Kano Govt Considers Total Lock-down

COVID-19, Kano Govt, Total Lock-down

Kano State government is faced with the difficult decision to lock down the state in order to have better opportunity of tackling the spread of COVID-19.

The state’s first confirmed case was announced by the governor, Abdullahi Umar Ganduje on Saturday, and involved an aged former ambassador, Kabiru Rabiu, who traveled around the country to Kaduna, Abuja and Lagos before returning to Kano, apparently at a time the virus has been ravaging those areas.

A member of the state executive council confided in Judicial Sketch that the governor has been consulting with healthcare professionals within and outside the state, and the dominant opinion was that the state be locked down for an initial period of two weeks.

Our source said the process of contact-tracing has commenced but has its limitations because the index case has been in contact with a considerable number of people since his return to the state before he was confirmed to be positive on Saturday.

Another source of worry was that the index case has been to a private hospital (Prime Specialist Hospital) where doctors attended to him while attending to other patients as well. He was said to have also been to some private diagnostic centres (Providian Diagonistic Center, FAN Diagonistic Center) in the state where specimen where taken from him alongside other people.

There are insinuations that he attended wedding ceremonies and was seen at Friday congregation prayers (Da’awah Juma’at Mosque and Dan Adalan Kano Juma’at Mosque) since his return to Kano, “and the most dangerous part of the whole scenario was that people trooped to his house even after he has become critically ill and has been suspected of having contracted COVID-19. His sample was taken for testing, and while result was being awaited, he received visitors at his residence.”

Our source said all the places the former ambassador was confirmed to have visited since he returned to Kano have been fumigated, “his residence inclusive. This is to forestall spread.”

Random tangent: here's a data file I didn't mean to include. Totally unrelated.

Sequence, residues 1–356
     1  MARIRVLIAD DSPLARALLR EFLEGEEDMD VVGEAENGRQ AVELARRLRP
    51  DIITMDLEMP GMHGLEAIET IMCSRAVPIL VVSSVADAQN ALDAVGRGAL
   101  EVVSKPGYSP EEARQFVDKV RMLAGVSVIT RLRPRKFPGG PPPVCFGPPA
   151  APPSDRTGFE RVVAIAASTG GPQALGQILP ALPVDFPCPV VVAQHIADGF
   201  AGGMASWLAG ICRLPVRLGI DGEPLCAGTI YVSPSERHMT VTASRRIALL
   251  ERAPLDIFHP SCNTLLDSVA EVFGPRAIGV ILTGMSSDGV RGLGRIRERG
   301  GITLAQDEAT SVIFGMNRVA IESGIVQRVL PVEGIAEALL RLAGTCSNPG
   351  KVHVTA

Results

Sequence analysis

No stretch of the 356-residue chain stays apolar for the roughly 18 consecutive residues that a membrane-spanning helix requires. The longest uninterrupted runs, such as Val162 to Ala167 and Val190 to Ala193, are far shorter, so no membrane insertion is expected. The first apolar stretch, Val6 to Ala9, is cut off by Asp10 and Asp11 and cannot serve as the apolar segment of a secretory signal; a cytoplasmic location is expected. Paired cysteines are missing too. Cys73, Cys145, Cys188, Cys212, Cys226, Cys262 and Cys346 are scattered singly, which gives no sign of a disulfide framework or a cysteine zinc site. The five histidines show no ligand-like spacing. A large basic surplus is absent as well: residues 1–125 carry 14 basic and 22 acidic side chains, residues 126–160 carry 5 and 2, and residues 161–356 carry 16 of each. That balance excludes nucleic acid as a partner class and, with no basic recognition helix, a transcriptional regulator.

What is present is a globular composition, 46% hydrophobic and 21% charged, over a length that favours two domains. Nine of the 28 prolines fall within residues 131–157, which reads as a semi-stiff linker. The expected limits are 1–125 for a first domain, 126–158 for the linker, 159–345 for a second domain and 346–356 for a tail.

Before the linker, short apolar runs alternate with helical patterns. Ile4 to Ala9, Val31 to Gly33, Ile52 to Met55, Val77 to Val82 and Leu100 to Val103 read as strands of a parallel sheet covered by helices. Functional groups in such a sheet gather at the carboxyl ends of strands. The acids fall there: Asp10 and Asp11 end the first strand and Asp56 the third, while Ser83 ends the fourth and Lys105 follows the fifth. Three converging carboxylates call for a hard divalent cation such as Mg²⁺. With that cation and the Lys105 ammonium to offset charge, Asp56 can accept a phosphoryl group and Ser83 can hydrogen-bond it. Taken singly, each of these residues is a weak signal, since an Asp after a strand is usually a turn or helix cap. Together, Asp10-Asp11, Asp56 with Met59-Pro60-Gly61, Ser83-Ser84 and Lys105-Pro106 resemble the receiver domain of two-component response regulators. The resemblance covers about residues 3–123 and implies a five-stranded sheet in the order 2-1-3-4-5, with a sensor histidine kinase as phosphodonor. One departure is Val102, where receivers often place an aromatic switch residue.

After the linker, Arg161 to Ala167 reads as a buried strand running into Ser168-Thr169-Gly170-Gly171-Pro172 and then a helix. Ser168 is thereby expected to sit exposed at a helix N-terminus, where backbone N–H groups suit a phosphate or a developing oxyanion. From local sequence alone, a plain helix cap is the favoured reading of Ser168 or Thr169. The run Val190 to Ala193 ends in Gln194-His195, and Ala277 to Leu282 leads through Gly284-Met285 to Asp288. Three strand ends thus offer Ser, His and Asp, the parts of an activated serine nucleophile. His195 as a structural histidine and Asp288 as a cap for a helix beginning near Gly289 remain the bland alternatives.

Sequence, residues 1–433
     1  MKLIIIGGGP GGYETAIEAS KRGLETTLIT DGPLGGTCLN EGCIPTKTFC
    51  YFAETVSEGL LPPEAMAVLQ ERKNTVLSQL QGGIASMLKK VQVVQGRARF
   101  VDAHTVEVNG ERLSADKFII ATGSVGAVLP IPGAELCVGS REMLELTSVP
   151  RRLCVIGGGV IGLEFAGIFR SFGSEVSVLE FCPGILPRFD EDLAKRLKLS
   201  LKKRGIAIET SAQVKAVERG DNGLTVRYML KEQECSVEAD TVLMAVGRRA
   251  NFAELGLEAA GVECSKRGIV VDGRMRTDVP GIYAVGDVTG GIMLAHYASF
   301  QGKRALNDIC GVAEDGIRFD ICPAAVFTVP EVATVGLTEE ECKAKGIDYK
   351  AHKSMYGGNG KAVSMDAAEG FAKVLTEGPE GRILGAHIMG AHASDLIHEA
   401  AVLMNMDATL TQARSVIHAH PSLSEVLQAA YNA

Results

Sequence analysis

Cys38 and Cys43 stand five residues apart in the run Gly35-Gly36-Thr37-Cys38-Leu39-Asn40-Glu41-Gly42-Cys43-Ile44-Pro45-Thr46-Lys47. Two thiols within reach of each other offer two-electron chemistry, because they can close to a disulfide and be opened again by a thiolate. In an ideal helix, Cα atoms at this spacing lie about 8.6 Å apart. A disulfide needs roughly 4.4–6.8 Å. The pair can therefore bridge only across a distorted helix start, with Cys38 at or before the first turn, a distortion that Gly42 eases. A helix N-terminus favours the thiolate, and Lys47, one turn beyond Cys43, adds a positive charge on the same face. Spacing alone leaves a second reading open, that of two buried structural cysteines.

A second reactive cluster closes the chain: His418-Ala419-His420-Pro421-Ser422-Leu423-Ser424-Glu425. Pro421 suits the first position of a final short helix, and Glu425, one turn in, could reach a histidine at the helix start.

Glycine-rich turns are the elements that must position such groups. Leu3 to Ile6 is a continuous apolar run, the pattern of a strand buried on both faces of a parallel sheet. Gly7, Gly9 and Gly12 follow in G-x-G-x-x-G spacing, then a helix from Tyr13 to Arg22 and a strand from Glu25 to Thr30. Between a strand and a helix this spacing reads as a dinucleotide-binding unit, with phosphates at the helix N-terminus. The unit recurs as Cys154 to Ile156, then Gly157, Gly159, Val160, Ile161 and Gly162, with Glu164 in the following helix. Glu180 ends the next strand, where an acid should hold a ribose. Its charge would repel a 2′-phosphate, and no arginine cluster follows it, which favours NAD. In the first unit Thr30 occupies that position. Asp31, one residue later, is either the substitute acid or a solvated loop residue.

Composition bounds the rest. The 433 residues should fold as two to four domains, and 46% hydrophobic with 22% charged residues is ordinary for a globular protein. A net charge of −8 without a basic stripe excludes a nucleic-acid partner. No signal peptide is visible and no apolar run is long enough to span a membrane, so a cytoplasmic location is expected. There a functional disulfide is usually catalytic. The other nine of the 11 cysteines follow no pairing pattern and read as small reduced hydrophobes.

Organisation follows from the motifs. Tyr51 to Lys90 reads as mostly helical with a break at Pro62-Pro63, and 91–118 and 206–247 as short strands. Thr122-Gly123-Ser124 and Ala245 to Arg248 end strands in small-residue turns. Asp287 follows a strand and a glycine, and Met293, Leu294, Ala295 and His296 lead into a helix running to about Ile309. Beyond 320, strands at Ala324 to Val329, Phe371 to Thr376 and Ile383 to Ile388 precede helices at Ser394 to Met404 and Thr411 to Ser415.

He said even though the government has asked people who know they have been in contact with the former ambassador in the past week to come forward, experience has shown that some will not come, hence “the need to go hunting, and contact-hunting would not be effective if people keep moving about freely.”

“A number of our people still consider COVID-19 a mirage, and if decisive measure is not taken, people will just be indifferent and continue to spread it. Don’t forget that Kano’s population is high and most live in clustered areas. Government is conscious of the fact that it must take this painful decision and be decisive about enforcing it.”

He said some of the things the government is bothered about are the plight of the poor and vulnerable families, as well as the approaching fasting month of Ramadan, “so consultations are still ongoing on how we will provide palliatives as well as how the lock-down will affect the Ramadan activities in the state. But from what is on ground now, and considering the danger we are faced with, lock-down in Kano is inevitable, unless some miracles happened.”


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